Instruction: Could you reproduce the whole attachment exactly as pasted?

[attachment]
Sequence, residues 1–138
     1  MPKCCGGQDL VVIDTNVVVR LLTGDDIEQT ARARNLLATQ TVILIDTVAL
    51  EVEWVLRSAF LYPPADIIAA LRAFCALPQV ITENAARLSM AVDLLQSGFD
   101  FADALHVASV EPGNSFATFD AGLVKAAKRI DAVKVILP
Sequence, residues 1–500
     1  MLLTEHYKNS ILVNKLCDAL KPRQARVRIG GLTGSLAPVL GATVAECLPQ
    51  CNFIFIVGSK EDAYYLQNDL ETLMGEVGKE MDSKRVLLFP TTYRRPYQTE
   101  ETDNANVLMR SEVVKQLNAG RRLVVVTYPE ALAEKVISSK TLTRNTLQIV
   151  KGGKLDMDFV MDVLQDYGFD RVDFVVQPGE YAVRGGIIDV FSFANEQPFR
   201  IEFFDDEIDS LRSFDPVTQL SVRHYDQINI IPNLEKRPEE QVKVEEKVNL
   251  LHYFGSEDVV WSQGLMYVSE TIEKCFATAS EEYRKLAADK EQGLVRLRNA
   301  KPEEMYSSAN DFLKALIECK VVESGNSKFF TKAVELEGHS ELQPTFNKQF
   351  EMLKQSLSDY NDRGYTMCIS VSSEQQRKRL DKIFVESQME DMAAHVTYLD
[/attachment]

Sequence, residues 1–138
     1  MPKCCGGQDL VVIDTNVVVR LLTGDDIEQT ARARNLLATQ TVILIDTVAL
    51  EVEWVLRSAF LYPPADIIAA LRAFCALPQV ITENAARLSM AVDLLQSGFD
   101  FADALHVASV EPGNSFATFD AGLVKAAKRI DAVKVILP
Sequence, residues 1–500
     1  MLLTEHYKNS ILVNKLCDAL KPRQARVRIG GLTGSLAPVL GATVAECLPQ
    51  CNFIFIVGSK EDAYYLQNDL ETLMGEVGKE MDSKRVLLFP TTYRRPYQTE
   101  ETDNANVLMR SEVVKQLNAG RRLVVVTYPE ALAEKVISSK TLTRNTLQIV
   151  KGGKLDMDFV MDVLQDYGFD RVDFVVQPGE YAVRGGIIDV FSFANEQPFR
   201  IEFFDDEIDS LRSFDPVTQL SVRHYDQINI IPNLEKRPEE QVKVEEKVNL
   251  LHYFGSEDVV WSQGLMYVSE TIEKCFATAS EEYRKLAADK EQGLVRLRNA
   301  KPEEMYSSAN DFLKALIECK VVESGNSKFF TKAVELEGHS ELQPTFNKQF
   351  EMLKQSLSDY NDRGYTMCIS VSSEQQRKRL DKIFVESQME DMAAHVTYLD